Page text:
Skip to content


Ambalal Mansukhram Joshi Vs. the Additional Special Land Acquisition Officer, Ahmedabad and anr. - Court Judgment

LegalCrystal Citation
SubjectProperty
CourtSupreme Court of India
Decided On
Case NumberCivil Appeal No. 608 of 1967
Judge
Reported inAIR1974SC591; (1973)3SCC373; 1972(4)LC594(SC)
ActsLand Acquisition Act - Sections 20
AppellantAmbalal Mansukhram Joshi
RespondentThe Additional Special Land Acquisition Officer, Ahmedabad and anr.
Excerpt:
.....of the rules is that a common rank list as per merit for all the successful candidates in respect of selection to the vacancies notified by the public service commission should be prepared, and reservation should be applied with reference to units of 20. that is, the first 20 most meritorious candidates, that is, from serial no.1 to 20 in that common rank list should first be considered for the purpose of reservation. at that stage, candidates from serial no. 21 and below are not to be considered. out of these 20 most meritorious candidates, the appointments have then to be made in accordance with rule 14(c) which provides for order of rotation in every cycle of 20 vacancies. it is only after the selections have been made against these first 20 most meritorious selected..........respect of final plot no. 42.2. these plots were notified for acquisition under section 4 of the land acquisition act in the years 1952-55 by two different notifications. thereafter, they were duly notified under section 6 and taken possession in due course.3. the lessee of the plot settled his claim with the government by private agreement. therefore, only the compensation payable by the appellant had to be determined. before the land acquisition officer, the appellant claimed compensation for plot no. 9 at the rate of rs. 25 per sq. yard & for plot no. 42 at the rate of rs. 20/- per sq. yard. the land acquisition officer valued the first plot at rs. 11/- per sq. yard and the second plot at rs. 8/- per sq. yard. on a reference to the land acquisition judge, the compensation payable in.....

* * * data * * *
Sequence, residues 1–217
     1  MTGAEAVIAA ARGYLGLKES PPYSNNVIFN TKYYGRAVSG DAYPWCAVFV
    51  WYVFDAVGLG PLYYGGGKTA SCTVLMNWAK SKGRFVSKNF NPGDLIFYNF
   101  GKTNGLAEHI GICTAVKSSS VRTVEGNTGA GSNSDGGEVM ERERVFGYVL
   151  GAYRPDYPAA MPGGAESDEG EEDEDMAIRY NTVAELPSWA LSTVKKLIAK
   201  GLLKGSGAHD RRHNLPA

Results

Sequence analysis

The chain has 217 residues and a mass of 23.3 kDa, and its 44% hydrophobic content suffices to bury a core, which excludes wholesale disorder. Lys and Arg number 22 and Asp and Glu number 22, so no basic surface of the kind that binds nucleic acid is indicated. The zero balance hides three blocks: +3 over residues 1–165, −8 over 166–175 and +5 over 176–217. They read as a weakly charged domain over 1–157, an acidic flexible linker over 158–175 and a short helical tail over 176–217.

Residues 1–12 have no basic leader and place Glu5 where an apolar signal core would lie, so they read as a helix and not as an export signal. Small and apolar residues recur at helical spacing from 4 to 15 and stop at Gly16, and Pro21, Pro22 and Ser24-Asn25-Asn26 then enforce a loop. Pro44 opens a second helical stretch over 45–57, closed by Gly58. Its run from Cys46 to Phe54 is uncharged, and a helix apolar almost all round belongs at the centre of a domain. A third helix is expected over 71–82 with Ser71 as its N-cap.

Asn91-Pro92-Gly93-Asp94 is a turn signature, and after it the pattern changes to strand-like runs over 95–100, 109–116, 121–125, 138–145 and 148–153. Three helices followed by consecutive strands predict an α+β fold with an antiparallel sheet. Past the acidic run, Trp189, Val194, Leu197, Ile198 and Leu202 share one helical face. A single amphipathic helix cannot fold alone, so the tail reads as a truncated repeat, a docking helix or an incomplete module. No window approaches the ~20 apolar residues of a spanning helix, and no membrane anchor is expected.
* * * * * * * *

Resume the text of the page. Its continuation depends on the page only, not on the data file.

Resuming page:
Judgment:

K.S. Hegde, J.

1. This is an appeal by certificate. Apart from technicalities of law, on merits, the claim of the Appellant appears to be a preposterous one. The Appellant was the owner of final plot Nos, 9 and 42 in the City of Ahmedabad. He had granted the same, on permanent lease to certain company in the year 1905, Under the lease deed, he was entitled to a rent of Rs. 150/- in respect of final plot No. 9 and Rs. 131/- in respect of final plot No. 42.

2. These plots were notified for acquisition under Section 4 of the Land Acquisition Act in the years 1952-55 by two different Notifications. Thereafter, they were duly notified under Section 6 and taken possession in due course.

3. The lessee of the plot settled his claim with the Government by private agreement. Therefore, only the compensation payable by the Appellant had to be determined. Before the Land Acquisition Officer, the Appellant claimed compensation for plot No. 9 at the rate of Rs. 25 per sq. yard & for plot No. 42 at the rate of Rs. 20/- per sq. yard. The Land Acquisition Officer valued the first plot at Rs. 11/- per sq. yard and the second plot at Rs. 8/- per sq. yard. On a reference to the Land Acquisition Judge, the compensation payable in respect of the land acquired were enhanced to Rs. 12/- per sq. yard in respect of plot No. 9 and Rs. 9/- per sq. yard in respect of plot No. 42. Under Section 20 of the Land Acquisition Act the learned Judge apportioned the compensation between the lessee and the lessor at the ratio of 5 : 1. On appeal at the instance of the Appellant, the compensation in respect of plot No. 9 was enhanced to Rs. 14/- per sq. yard and in respect of plot No. 42 to Rs. 9/- per sq. yeard. In the result, the Appellant got over Rs. 45,000/- as compensation in respect of his rights for which he was getting annually a sum of Rs. 381/-. The value of his right to reversion a remote one-is little or nothing. Even if we calculate the interest on the compensation amount at 6% per annum, the Appellant is now getting over Rs. 2,700/- per year in the place of Rs. 381/- which he was getting previously. A greater windfall can hardly be expected. Yet the Appellant is not satisfied with what he has got. He is insisting that we should grant the real value of the land and give him his 1/4 share thereof.

4. We have been taken through the relevant portions of the Judgment of the High Court. We have not found any reason to differ from the conclusions reached by that Court in respect of the valuation made. It had properly assessed the evidence before it. On the facts of this case, there is no justification for re-examining the evidence in a detailed manner when we are fully satisfied that the Appellant had been paid more than six times the real value of its rights.

5. In the result, this appeal fails and the same is dismissed with costs.


Save Judgments// Add Notes // Store Search Result sets // Organizer Client Files //